- BA (University of Cambridge)
- PhD (University of Cambridge)
- PGCert (University of Hull)
Jane Bunting is a long term ecologist with research interests focused on better understanding of the long term ecological dynamics of cultural landscapes, mostly from pollen records.
She went to university intending to be a physicist and got distracted along the way - after earning a degree (final year in Botany) and PhD at Cambridge, she worked as a post-doctoral researcher in Waterloo, Ontario, and at the University of Stirling before joining the University of Hull, initially as a lecturer, in 1997.
She currently works mainly on modelling pollen dispersal and deposition as a tool for reconstructing past land cover and is part of various international working groups, including PolLandCal, Landclim and PAGES Landcover6k.
My teaching falls mostly into these three topic areas:
conservation, ecology and biogeography
environmental change science
research methods and study skills ("how to be a geographer/environmental scientist/geologist")
As soon as I learn new things, I _need_ to tell other people about them - teaching and research are both central to my career and practice. I think of what I do as supporting students along the way to being independent lifelong learners, and I am currently particularly interested in helping students (especially those who are the first in their families to attend university) to understand what is expected of them at university and in making sure that all my classes include support for development of life-long learning skills such as reflective practice and writing skills.
Airborne pollen concentration in Nanjing, eastern China, and its relationship with meteorological factors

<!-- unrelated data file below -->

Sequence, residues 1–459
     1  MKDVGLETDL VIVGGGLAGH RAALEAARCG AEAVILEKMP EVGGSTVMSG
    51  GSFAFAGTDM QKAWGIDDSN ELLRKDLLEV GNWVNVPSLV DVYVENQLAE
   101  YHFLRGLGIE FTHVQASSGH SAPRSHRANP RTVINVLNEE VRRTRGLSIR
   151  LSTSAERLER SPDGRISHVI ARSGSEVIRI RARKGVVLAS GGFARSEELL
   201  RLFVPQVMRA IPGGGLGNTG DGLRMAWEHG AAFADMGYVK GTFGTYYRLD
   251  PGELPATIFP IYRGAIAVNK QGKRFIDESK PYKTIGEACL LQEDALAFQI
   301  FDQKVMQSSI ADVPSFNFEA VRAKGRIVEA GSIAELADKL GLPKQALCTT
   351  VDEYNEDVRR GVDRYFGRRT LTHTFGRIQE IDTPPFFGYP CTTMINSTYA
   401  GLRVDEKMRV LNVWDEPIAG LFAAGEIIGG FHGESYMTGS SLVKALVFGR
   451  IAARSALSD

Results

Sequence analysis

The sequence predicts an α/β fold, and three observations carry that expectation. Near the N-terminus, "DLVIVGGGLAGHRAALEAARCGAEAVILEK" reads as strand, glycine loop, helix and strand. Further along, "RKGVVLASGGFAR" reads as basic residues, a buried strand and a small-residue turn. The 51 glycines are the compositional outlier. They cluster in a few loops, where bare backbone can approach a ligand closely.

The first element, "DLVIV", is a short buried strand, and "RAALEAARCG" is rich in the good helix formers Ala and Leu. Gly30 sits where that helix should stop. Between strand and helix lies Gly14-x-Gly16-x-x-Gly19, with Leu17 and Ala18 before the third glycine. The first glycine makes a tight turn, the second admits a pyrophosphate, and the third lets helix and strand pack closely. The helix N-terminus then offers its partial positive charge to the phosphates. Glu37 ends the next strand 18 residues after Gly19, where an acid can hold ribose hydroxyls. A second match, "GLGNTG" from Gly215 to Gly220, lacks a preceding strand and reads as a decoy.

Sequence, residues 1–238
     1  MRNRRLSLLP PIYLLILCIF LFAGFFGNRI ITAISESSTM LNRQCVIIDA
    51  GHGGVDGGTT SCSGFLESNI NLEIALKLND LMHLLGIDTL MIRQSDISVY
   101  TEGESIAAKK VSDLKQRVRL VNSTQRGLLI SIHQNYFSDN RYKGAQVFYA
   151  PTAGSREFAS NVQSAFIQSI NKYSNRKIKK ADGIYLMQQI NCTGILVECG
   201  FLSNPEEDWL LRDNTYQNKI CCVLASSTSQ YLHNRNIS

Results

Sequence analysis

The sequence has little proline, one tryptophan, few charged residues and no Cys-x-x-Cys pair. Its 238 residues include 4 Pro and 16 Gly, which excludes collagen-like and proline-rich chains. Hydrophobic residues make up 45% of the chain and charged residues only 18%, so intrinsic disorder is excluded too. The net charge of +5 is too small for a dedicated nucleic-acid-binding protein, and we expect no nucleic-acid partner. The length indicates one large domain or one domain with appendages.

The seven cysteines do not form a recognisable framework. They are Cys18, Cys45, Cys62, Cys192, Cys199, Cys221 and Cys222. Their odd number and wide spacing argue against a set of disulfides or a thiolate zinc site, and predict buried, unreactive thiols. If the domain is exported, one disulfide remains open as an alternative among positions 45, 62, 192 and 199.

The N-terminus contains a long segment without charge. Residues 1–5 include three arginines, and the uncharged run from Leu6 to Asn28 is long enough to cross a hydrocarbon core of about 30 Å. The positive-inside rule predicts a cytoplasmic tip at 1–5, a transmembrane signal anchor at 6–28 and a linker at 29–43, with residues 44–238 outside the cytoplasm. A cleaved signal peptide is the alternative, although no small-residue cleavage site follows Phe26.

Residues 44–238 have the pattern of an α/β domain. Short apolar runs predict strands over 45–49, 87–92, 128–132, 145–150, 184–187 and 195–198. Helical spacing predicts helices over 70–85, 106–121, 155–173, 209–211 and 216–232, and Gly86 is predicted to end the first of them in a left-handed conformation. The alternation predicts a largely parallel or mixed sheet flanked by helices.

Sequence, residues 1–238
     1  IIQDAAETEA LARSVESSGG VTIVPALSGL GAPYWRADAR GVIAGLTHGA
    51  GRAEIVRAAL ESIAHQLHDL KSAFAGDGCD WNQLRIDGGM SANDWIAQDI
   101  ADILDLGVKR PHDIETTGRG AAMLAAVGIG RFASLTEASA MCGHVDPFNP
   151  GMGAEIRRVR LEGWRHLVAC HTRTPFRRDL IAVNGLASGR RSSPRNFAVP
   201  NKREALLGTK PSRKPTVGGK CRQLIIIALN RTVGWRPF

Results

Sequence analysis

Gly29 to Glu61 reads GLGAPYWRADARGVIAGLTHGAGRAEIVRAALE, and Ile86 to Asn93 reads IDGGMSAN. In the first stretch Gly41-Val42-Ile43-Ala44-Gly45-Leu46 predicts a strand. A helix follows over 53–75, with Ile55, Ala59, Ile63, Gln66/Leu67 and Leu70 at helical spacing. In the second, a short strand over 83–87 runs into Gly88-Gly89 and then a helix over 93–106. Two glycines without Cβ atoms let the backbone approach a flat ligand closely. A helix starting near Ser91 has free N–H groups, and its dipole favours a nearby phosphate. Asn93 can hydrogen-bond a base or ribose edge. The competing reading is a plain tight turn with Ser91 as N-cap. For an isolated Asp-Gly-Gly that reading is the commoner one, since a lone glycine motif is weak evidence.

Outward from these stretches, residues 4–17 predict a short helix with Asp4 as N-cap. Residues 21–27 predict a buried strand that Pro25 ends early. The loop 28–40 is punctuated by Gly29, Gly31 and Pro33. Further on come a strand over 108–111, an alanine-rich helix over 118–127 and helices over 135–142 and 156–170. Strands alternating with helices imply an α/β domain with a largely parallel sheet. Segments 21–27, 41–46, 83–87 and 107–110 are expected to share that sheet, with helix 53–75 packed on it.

Fang, Y., Ma, C., Bunting, M. J., Ding, A., Lu, H., & Sun, W. (2018). Airborne pollen concentration in Nanjing, eastern China, and its relationship with meteorological factors. Journal of geophysical research. Atmospheres, 123(19), 10,842-10,856. https://doi.org/10.1029/2018JD029026
A review of relative pollen productivity estimates from temperate china for pollen-based quantitative reconstruction of past plant cover
Li, F., Gaillard, M., Xu, Q., Bunting, M. J., Li, Y., Li, J., …Shen, W. (2018). A review of relative pollen productivity estimates from temperate china for pollen-based quantitative reconstruction of past plant cover. Frontiers in Plant Science, 9, https://doi.org/10.3389/fpls.2018.01214
Constraining pollen-based estimates of forest cover in the Amazon: A simulation approach
Whitney, B. S., Smallman, T. L., Mitchard, E. T., Carson, J. F., Mayle, F. E., & Bunting, M. J. (2019). Constraining pollen-based estimates of forest cover in the Amazon: A simulation approach. Holocene, 29(2), 262-270. https://doi.org/10.1177/0959683618810394
A method for reconstructing temporal changes in vegetation functional trait composition using Holocene pollen assemblages
Carvalho, F., Brown, K. A., Waller, M. P., Bunting, M. J., Boom, A., & Leng, M. J. (2019). A method for reconstructing temporal changes in vegetation functional trait composition using Holocene pollen assemblages. PloS one, 14(5), https://doi.org/10.1371/journal.pone.0216698
Maps from mud - using the Multiple Scenario Approach to reconstruct land cover dynamics from pollen records: a case study of two Neolithic landscapes
Bunting, M. J., Farrell, M., Bayliss, A., Marshall, P., & Whittle, A. (2018). Maps from mud - using the Multiple Scenario Approach to reconstruct land cover dynamics from pollen records: a case study of two Neolithic landscapes. Frontiers in ecology and evolution, 6(APR), https://doi.org/10.3389/fevo.2018.00036
long term ecology
ecology and climate change
plant community ecology
Jane welcomes applications on any topic related to the use of pollen data and allied methods to reconstruct past environments - including developing methods, proof of concept, and application to archaeological, ecological or applied (e.g. conservation) problems. These projects can be centered on working with sediment cores, on modern pollen-vegetation relationships, or on working largely with secondary data and computer models. The HUMPOL and LandPolFlow (the MSA reconstruction approach) software suites were developed in Hull.
Her own work is primarily in the northern hemisphere temperate and boreal zones, but she collaborates widely and is happy to consider projects in any part of the world.
Recent PhD supervisions
- Hywel Lewis (2015 - ) (University of Bradford) - Interactions between human industry and woodland ecology in the South Pennines: 1600 - present
- Yiman Fang (2015 - 2019) - Understanding the relationships between surface pollen and vegetation in southeast China: an aid to reconstruct past vegetation dynamics during Little Ice Age (Yiman is now a post-doctoral researcher at Zhejiang University, China)